"... In complex distributed applications, a problem is often decomposed into a set of subproblems that are distributed to multiple agents. We formulate this class of problems with a two layer Bayesian Network. Instead of merely providing a statistical view, we propose a satisficing approach to predict ..."
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Cited by 24 (5 self)
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In complex distributed applications, a problem is often decomposed into a set of subproblems that are distributed to multiple agents. We formulate this class of problems with a two layer Bayesian Network. Instead of merely providing a statistical view, we propose a satisficing approach to predict the minimum expected communication needed to reach a desired solution quality. The problem is modelled with a decentralized MDP, and two approximate algorithms are developed to find the near optimal communication strategy for a given problem structure and a required solution quality.
Modeling and Simulating Human Teamwork Behaviors Using Intelligent Agents
 In Journal of Physics of Life Reviews
, 2004
"... Among researchers in multiagent systems there has been growing interest in using intelligent agents to model and simulate human teamwork behaviors. Teamwork modeling is important for training humans in gaining collaborative skills, for supporting humans in making critical decisions by proactively ..."
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Cited by 21 (1 self)
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Among researchers in multiagent systems there has been growing interest in using intelligent agents to model and simulate human teamwork behaviors. Teamwork modeling is important for training humans in gaining collaborative skills, for supporting humans in making critical decisions by proactively gathering, fusing, and sharing information, and for building coherent teams with both humans and agents working effectively on intelligenceintensive problems. Teamwork modeling is also challenging because the research has spanned diverse disciplines from business management to cognitive science, human discourse, and distributed artificial intelligence. This article presents an extensive, but not exhaustive, list of work in the field, where the taxonomy is organized along two main dimensions: team social structure and social behaviors. Along the dimension of social structure, we consider agentonly teams and mixed human/agent teams. Along the dimension of social behaviors, we consider collaborative behaviors, communicative behaviors, helping behaviors, and the underpinning of effective teamwork shared mental models. The contribution of this article is that it presents an organizational framework for analyzing a variety of teamwork simulation systems and for further studying simulated teamwork behaviors.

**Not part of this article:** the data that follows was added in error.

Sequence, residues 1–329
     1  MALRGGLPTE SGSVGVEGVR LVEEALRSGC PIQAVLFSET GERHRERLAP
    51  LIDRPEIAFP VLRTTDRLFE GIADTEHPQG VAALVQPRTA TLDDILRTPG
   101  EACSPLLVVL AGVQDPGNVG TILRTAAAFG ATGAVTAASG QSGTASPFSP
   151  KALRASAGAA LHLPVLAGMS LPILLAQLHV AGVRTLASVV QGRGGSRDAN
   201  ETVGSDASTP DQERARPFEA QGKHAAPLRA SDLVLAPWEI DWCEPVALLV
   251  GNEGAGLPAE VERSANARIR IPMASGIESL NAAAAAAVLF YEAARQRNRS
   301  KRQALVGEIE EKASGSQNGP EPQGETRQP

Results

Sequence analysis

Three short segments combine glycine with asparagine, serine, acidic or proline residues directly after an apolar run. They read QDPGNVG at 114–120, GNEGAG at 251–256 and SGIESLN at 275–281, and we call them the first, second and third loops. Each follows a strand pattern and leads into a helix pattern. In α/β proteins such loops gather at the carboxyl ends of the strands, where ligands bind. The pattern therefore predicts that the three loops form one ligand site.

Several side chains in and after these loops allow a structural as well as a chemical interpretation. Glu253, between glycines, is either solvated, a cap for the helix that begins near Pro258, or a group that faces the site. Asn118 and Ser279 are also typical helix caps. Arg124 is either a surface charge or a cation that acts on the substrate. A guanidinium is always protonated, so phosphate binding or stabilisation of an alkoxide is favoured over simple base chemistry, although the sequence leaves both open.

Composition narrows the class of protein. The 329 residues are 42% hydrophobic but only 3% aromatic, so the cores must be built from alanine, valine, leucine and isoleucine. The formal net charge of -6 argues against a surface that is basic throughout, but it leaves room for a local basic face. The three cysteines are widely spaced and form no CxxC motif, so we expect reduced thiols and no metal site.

Graphical models inference in optimal control of stochastic multiagent systems
 JOURNAL OF ARTIFICIAL INTELLIGENCE RESEARCH
, 2008
"... In this article we consider the issue of optimal control in collaborative multiagent systems with stochastic dynamics. The agents have a joint task in which they have to reach a number of target states. The dynamics of the agents contains additive control and additive noise, and the autonomous part ..."
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Cited by 21 (1 self)
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In this article we consider the issue of optimal control in collaborative multiagent systems with stochastic dynamics. The agents have a joint task in which they have to reach a number of target states. The dynamics of the agents contains additive control and additive noise, and the autonomous part factorizes over the agents. Full observation of the global state is assumed. The goal is to minimize the accumulated joint cost, which consists of integrated instantaneous costs and a joint end cost. The joint end cost expresses the joint task of the agents. The instantaneous costs are quadratic in the control and factorize over the agents. The optimal control is given as a weighted linear combination of singleagent to singletarget controls. The singleagent to singletarget controls are expressed in terms of diffusion processes. These controls, when not closed form expressions, are formulated in terms of path integrals, which are calculated approximately by MetropolisHastings sampling. The weights in the control are interpreted as marginals of a joint distribution over agent to target assignments. The structure of the latter is represented by a graphical model, and the marginals are obtained by graphical model inference. Exact inference of the graphical model will break down in large systems, and so approximate inference methods are needed. We use naive mean field approximation and belief propagation to approximate the optimal control in systems with linear dynamics. We compare the approximate inference methods with the exact solution, and we show that they can accurately compute the optimal control. Finally, we demonstrate the control method in multiagent systems with nonlinear dynamics consisting of up to 80 agents that have to reach an equal number of target states.